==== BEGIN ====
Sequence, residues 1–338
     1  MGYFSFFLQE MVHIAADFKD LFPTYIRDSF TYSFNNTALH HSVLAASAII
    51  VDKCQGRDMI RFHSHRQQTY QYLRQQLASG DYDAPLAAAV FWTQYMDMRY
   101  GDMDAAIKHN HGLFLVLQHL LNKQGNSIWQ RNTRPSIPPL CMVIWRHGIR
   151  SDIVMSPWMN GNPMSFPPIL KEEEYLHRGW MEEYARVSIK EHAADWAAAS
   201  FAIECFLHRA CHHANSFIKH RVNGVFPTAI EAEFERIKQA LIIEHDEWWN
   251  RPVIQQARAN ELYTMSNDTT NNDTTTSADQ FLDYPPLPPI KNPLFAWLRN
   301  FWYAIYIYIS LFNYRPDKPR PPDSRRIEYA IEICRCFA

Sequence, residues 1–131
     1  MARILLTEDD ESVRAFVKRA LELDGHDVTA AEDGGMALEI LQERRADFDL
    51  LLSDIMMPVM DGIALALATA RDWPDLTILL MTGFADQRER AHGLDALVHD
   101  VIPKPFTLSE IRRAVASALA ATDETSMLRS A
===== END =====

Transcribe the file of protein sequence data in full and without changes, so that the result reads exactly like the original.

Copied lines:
Sequence, residues 1–338
     1  MGYFSFFLQE MVHIAADFKD LFPTYIRDSF TYSFNNTALH HSVLAASAII
    51  VDKCQGRDMI RFHSHRQQTY QYLRQQLASG DYDAPLAAAV FWTQYMDMRY
   101  GDMDAAIKHN HGLFLVLQHL LNKQGNSIWQ RNTRPSIPPL CMVIWRHGIR
   151  SDIVMSPWMN GNPMSFPPIL KEEEYLHRGW MEEYARVSIK EHAADWAAAS
   201  FAIECFLHRA CHHANSFIKH RVNGVFPTAI EAEFERIKQA LIIEHDEWWN
   251  RPVIQQARAN ELYTMSNDTT NNDTTTSADQ FLDYPPLPPI KNPLFAWLRN
   301  FWYAIYIYIS LFNYRPDKPR PPDSRRIEYA IEICRCFA

Sequence, residues 1–131
     1  MARILLTEDD ESVRAFVKRA LELDGHDVTA AEDGGMALEI LQERRADFDL
    51  LLSDIMMPVM DGIALALATA RDWPDLTILL MTGFADQRER AHGLDALVHD
   101  VIPKPFTLSE IRRAVASALA ATDETSMLRS A